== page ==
New law could revolutionise children's rights

Consultation on the Children and Young People Bill gets under way

Emma Seith

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Looked-after children will be able to turn to local authorities for help and financial support up to the age of 25; the children's commissioner will be able to represent individual children; and every child will have a named person responsible for his or her well-being from birth to 18 - if a new law comes into force in Scotland next year.

The Scottish government is currently consulting on the Children and Young People Bill, which aims to make children's rights more real through the services that they receive.

Other proposals include:

- embedding the rights of children and young people across the public sector in line with the United Nations Convention on the Rights of the Child (UNCRC);

- introducing duties on the government to further and promote the UNCRC;

- increasing annual funded pre-school provision from 475 hours to a minimum of 600 hours for three- and four-year-olds and looked-after two- year-olds;

- making early learning and childcare more flexible and seamless.

Scotland's children's commissioner, Tam Baillie, can currently undertake investigations on behalf of groups of children and young people. But the bill proposes allowing him to undertake investigations on behalf of individual children seeking redress for perceived violations of their rights.

Mr Baillie described this as "a positive move", but warned that its effectiveness would be "subject to available resources".

He continued: "Experience from other countries, such as Ireland and Wales, suggests that this function could expose serious instances of abuse, neglect or unjust treatment of vulnerable young people" (see panel).

Through the bill every child will also receive a "named person" - "a single point of contact for services that children and families can use if they wish". Health boards will be responsible for providing the named person from birth to school age, and councils from school age until 18.

Councils will also be required to support looked-after children until they reach 25, instead of 21, bringing their practice more in step with ordinary families.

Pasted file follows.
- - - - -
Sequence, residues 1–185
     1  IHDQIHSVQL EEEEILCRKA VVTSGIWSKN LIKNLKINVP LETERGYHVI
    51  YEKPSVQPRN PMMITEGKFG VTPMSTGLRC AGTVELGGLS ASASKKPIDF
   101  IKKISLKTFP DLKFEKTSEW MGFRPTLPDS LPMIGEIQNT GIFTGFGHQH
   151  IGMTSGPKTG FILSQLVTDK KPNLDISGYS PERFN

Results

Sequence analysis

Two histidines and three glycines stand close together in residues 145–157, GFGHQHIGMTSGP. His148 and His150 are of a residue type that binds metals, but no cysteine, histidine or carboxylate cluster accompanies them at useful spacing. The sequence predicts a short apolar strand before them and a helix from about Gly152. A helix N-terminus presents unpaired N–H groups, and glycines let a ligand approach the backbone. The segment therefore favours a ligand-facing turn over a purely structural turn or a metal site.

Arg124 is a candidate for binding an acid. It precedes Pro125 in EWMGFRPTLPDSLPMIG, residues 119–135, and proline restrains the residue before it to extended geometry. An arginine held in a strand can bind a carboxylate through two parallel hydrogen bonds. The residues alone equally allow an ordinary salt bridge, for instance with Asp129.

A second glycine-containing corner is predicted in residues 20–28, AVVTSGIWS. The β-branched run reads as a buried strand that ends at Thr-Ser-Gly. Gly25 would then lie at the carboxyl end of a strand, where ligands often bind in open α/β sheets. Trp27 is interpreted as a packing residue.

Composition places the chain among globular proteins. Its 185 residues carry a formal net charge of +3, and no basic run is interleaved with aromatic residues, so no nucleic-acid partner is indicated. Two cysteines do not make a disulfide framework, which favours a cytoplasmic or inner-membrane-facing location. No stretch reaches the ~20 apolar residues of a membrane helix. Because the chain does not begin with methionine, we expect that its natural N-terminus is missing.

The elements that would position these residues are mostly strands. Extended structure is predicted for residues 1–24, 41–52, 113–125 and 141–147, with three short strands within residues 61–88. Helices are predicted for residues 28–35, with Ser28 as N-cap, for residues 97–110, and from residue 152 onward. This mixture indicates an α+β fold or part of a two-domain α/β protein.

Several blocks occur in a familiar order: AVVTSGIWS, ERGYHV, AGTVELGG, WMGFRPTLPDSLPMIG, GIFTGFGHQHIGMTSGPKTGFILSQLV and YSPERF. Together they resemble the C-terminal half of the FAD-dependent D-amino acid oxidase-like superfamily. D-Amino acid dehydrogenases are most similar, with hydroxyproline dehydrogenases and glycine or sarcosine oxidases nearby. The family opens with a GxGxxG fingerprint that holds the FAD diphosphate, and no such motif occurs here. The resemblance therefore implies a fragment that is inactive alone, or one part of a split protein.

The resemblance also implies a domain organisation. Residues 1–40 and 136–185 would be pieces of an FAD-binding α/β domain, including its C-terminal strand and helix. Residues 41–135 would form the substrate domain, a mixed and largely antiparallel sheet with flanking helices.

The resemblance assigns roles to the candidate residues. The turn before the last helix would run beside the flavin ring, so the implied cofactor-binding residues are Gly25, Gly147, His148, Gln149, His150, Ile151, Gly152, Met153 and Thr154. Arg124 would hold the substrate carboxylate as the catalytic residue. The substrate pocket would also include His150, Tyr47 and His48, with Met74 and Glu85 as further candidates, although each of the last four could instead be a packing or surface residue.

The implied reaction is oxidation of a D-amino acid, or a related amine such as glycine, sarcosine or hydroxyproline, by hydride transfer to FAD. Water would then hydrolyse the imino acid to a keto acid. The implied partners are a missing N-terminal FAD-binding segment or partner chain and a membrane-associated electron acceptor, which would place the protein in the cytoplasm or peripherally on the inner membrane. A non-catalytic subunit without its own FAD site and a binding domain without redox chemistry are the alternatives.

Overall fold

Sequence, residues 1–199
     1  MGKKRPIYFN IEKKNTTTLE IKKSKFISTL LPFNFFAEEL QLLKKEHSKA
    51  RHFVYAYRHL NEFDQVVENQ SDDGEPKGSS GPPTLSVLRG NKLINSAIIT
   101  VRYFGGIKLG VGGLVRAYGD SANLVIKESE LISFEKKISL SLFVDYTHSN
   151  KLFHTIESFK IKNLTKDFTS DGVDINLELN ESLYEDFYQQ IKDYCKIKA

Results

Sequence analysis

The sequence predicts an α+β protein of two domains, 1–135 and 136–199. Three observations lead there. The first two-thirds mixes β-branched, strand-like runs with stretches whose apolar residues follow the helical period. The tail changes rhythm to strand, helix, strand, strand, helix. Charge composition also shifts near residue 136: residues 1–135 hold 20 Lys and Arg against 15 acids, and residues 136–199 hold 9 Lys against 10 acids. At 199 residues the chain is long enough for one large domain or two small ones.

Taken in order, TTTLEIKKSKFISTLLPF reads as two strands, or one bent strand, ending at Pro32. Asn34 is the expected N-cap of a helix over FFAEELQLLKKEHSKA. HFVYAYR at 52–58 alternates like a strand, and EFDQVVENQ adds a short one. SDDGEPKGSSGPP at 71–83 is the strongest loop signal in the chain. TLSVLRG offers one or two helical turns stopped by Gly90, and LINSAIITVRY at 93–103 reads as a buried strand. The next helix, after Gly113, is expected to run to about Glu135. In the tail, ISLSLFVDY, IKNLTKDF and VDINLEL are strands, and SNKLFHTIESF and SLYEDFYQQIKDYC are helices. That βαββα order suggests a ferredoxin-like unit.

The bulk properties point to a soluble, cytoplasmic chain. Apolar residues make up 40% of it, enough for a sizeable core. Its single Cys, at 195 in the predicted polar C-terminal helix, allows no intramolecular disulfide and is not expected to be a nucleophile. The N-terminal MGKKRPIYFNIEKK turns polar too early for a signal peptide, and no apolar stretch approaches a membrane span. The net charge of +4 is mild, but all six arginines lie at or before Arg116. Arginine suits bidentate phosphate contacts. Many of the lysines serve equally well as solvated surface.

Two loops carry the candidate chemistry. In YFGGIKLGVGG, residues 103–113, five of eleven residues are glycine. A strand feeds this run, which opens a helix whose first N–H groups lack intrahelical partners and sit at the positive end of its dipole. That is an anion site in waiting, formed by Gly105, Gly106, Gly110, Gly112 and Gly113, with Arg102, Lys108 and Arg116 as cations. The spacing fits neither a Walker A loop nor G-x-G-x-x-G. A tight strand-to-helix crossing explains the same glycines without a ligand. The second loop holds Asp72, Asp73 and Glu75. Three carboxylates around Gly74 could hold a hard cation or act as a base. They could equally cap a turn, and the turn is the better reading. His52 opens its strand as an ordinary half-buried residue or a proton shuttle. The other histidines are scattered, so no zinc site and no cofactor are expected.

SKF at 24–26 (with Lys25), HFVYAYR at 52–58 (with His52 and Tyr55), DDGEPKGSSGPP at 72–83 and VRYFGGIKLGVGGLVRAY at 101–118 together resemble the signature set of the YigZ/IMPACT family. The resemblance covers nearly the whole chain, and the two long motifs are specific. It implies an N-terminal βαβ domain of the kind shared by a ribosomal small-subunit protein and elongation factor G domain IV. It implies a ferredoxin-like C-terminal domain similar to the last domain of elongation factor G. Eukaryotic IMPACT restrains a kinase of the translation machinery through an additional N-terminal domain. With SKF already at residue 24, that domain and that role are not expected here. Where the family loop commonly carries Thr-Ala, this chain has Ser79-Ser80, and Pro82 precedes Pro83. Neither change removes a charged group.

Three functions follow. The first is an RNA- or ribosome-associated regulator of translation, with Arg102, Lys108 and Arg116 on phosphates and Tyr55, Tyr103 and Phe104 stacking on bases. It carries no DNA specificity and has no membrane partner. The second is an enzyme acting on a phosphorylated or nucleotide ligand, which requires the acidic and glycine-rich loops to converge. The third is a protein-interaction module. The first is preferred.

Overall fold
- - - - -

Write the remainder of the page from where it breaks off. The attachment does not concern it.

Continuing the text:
The Growing Up in Scotland survey, which has been following 14,000 families since 2005, found that by the time children were three or four, about 60 per cent of families were using two or more forms of childcare.

The bill aims to address this "lack of continuity and consistency" by expanding free nursery hours and improving flexibility so that parents can be offered compressed hours over a few days, hours outwith term times, or longer sessions of early learning and care.

The consultation closes on 25 September 2012. Publications20120771810

An a* victory

A looked-after young person threatened with losing his foster place as he was embarking on his A levels was helped to challenge the decision by the children's commissioner for Wales.

The commissioner received a letter from the young person, who had suffered abuse and spent most of his life in care, explaining he had fallen behind with school work and was due to start his A-level course that September, aged 18, just as funding for his foster placement was ending.

Keen to pursue his education and stay with his foster family, the young person wanted to challenge the decision.

The commissioner met the young person but before a meeting with the council and other agencies could take place, the authority reversed its decision.

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Emma Seith

Emma Seith

Emma Seith is a reporter for Tes Scotland

Find me on Twitter @Emma_Seith

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